Sustainable development principles are intended to balance environmental protection with economic development. This concept, which is the main focus of this year’s Rio+20 Summit being held in Brazil, is lauded by advocates all over the world as the requisite paradigm shift needed to sustain our planet for future generations.
While coal, natural gas and oil companies get the thumbs down by many world leaders and environmentalists because of their unsustainable impacts on the environment, wind farms and solar panel fields developers are getting the thumbs up. These businesses are praised and supported because they promise ‘green’ jobs and ‘clean, green’ energy. Any business venture that moves the economy in the direction of sustainable development gets the ‘green‘ light. In America, developers and planners are even getting environmental impact report waivers (EIR), tax incentives, and public funding for these projects.
Governments’ attempts at solving the impacts of climate change and man’s alleged impact on the environment are proving to be clumsy at best and at worst, deadly. The U.S. Federal government is now proposing first-of-its-kind “take permits” that would allow the Oregon West Butte Wind Power LLC “to kill as many as three protected golden eagles over five years if the company fulfills its conservation commitments.” This despite the 1940 Bald and Golden Eagle Protection Act against harassment and killing. What happens when more birds die than the law allows or when these ‘take permits’ are granted across all 50 states?
Wind farms and solar panel fields are killing a lot more than Golden Eagles. Kit Fox, Desert Tortoise, and Bat populations are just some of the fauna that are being impacted. Flora, vistas and open space are being devastated as well. Trees are being cut down, agricultural land is being re-purposed, hillsides and canyon passes are morphing into steel forests and deserts are laid with hectares of photovoltaic carpets.
The ‘green’ movement message is confusing. Take the devastating stories of the California Delta Smelt or the Klamath River Coho Salmon as examples. In the case of the Delta Smelt, the EPA, USFWS, and litigious environmentalists sacrificed an entire region of food producing farm land (the Central Valley) to protect one fish species. By turning off the water pumping stations to protect the fish, thousands of farmers can no longer grow crops that feed millions of people around the world.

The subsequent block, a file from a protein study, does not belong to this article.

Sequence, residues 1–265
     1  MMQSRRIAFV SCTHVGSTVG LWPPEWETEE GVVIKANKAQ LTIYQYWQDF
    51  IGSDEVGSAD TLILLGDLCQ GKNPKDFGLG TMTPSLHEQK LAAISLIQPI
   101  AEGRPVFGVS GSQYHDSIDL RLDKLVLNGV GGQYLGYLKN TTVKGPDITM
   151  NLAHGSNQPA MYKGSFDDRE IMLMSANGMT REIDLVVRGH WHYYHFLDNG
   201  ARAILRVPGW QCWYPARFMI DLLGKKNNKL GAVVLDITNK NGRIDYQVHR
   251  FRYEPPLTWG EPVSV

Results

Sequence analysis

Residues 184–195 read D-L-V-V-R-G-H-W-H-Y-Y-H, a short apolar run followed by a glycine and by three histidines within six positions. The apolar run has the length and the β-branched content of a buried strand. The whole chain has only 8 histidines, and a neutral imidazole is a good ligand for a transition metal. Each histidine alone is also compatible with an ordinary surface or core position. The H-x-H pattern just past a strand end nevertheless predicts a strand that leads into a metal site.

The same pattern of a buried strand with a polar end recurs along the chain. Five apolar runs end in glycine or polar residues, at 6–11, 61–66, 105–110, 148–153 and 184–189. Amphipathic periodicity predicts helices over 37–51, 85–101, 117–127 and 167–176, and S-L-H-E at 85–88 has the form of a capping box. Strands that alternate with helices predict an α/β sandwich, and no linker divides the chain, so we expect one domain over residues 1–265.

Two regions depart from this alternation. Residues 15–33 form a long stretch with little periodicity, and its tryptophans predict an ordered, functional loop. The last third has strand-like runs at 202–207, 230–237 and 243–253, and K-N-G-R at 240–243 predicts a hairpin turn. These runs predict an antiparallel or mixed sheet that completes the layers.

The Klamath River case is also wrought with controversy. The Northern California river that snakes its way along the California and Oregon border is home to a species of salmon called the Coho. Despite conflicting opinions about the salmons’ origins, Indian tribes and environmentalists claim the damns are preventing the natural spawning of these fish and want four of the damns destroyed. Ironically, six of the damns on the Klamath River generate ‘green, clean’ hydro electric power. The federal license to operate these power plants has expired and now Pacificorp, must either invest its own money in renovations or use a combination of its own money and tax payer money for their destruction. Residents and businesses who own property along the river and farmers and fisheries who depend on water rights are feeling the financial squeeze the destruction of these damns would cause. As it stands now, property values have plummeted because of this Klamath River controversy. Furthermore, an EIR released back in September determined that “there is an estimated 13.4 million cubic yards of sediment behind the Klamath River dams, much of which would remain on the banks if the dams were removed.” There are some conservationists who are concerned that the impact of the sediment will destroy the fishes’ breeding grounds and kill the fish that will be in the path of the silt tsunami. In the end, if the damns are destroyed, it is possible that the salmon may not even make it to their historic spawning grounds after all.
These are just a few examples of the hypocrisy going on in this move toward sustainable development. What is the priority agenda behind this green movement? Is sustainable development really about balancing environmental protection with economic development? Between the “take permits” that legally condone the killing of ‘endangered’ species for the purpose of ‘green’ energy, and the destruction of people’s livelihoods and private property for the purpose of saving ‘endangered’ species; is it any wonder we are confused?
Common sense is taking a back seat to corruption, greed, and power mongering. Apparently, when it comes to anything ‘green’ the ends justify the means.
For a full report on the recommendations of the Independent Science Advisors for The California Desert Renewable Energy Conservation Plan (DRECP), click here.